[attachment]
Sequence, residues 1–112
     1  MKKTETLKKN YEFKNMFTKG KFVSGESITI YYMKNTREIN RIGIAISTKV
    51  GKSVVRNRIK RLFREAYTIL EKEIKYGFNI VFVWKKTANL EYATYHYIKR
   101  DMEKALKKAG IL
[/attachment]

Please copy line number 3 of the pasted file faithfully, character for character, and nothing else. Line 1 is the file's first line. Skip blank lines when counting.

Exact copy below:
    51  GKSVVRNRIK RLFREAYTIL EKEIKYGFNI VFVWKKTANL EYATYHYIKR